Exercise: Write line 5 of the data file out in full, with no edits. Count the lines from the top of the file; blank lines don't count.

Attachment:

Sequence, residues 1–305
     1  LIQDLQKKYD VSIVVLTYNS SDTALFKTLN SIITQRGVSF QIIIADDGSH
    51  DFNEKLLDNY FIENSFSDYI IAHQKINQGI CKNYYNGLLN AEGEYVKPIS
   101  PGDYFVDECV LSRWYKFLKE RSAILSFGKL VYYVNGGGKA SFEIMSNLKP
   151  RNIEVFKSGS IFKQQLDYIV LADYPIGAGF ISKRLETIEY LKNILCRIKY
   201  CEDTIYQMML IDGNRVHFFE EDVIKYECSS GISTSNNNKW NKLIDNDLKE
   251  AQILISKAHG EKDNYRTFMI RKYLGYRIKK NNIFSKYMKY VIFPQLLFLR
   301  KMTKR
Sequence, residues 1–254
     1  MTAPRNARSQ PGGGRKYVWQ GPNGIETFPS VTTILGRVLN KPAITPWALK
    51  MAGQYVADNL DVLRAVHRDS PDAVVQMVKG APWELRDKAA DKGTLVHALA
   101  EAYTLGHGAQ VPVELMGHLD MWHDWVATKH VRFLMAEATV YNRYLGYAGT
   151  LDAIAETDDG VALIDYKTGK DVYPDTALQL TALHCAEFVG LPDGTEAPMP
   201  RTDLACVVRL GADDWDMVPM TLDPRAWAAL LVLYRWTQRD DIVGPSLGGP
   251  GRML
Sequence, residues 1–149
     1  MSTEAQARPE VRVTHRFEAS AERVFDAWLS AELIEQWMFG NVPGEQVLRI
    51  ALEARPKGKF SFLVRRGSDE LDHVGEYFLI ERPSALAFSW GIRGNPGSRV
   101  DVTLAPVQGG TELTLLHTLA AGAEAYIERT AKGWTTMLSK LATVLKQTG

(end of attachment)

   151  RNIEVFKSGS IFKQQLDYIV LADYPIGAGF ISKRLETIEY LKNILCRIKY